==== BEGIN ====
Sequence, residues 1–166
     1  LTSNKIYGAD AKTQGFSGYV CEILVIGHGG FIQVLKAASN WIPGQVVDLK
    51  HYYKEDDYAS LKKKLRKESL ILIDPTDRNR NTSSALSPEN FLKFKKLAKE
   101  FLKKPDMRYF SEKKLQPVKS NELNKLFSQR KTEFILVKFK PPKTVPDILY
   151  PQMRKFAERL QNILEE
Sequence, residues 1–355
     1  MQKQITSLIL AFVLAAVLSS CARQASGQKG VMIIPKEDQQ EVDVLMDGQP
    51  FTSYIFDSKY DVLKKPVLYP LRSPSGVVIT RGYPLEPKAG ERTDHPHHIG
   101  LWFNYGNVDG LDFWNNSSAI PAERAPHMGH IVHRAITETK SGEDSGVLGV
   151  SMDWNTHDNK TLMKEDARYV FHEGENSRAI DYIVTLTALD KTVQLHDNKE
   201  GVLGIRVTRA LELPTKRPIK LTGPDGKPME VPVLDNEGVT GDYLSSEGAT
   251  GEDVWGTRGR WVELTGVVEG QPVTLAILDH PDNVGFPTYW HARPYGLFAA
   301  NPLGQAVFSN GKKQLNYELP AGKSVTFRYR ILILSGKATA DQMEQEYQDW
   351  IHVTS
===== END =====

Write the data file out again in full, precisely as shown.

Sequence, residues 1–166
     1  LTSNKIYGAD AKTQGFSGYV CEILVIGHGG FIQVLKAASN WIPGQVVDLK
    51  HYYKEDDYAS LKKKLRKESL ILIDPTDRNR NTSSALSPEN FLKFKKLAKE
   101  FLKKPDMRYF SEKKLQPVKS NELNKLFSQR KTEFILVKFK PPKTVPDILY
   151  PQMRKFAERL QNILEE
Sequence, residues 1–355
     1  MQKQITSLIL AFVLAAVLSS CARQASGQKG VMIIPKEDQQ EVDVLMDGQP
    51  FTSYIFDSKY DVLKKPVLYP LRSPSGVVIT RGYPLEPKAG ERTDHPHHIG
   101  LWFNYGNVDG LDFWNNSSAI PAERAPHMGH IVHRAITETK SGEDSGVLGV
   151  SMDWNTHDNK TLMKEDARYV FHEGENSRAI DYIVTLTALD KTVQLHDNKE
   201  GVLGIRVTRA LELPTKRPIK LTGPDGKPME VPVLDNEGVT GDYLSSEGAT
   251  GEDVWGTRGR WVELTGVVEG QPVTLAILDH PDNVGFPTYW HARPYGLFAA
   301  NPLGQAVFSN GKKQLNYELP AGKSVTFRYR ILILSGKATA DQMEQEYQDW
   351  IHVTS